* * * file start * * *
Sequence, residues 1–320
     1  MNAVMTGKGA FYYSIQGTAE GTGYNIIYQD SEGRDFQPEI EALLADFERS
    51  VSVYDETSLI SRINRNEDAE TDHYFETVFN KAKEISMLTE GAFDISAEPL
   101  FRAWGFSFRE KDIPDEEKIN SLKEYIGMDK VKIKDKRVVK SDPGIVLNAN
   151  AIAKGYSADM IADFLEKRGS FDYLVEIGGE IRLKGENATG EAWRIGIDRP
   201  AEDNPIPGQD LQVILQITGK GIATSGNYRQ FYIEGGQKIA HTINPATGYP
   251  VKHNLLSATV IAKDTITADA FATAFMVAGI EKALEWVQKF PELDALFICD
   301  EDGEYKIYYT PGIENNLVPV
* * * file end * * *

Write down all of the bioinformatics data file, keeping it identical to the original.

Sequence, residues 1–320
     1  MNAVMTGKGA FYYSIQGTAE GTGYNIIYQD SEGRDFQPEI EALLADFERS
    51  VSVYDETSLI SRINRNEDAE TDHYFETVFN KAKEISMLTE GAFDISAEPL
   101  FRAWGFSFRE KDIPDEEKIN SLKEYIGMDK VKIKDKRVVK SDPGIVLNAN
   151  AIAKGYSADM IADFLEKRGS FDYLVEIGGE IRLKGENATG EAWRIGIDRP
   201  AEDNPIPGQD LQVILQITGK GIATSGNYRQ FYIEGGQKIA HTINPATGYP
   251  VKHNLLSATV IAKDTITADA FATAFMVAGI EKALEWVQKF PELDALFICD
   301  EDGEYKIYYT PGIENNLVPV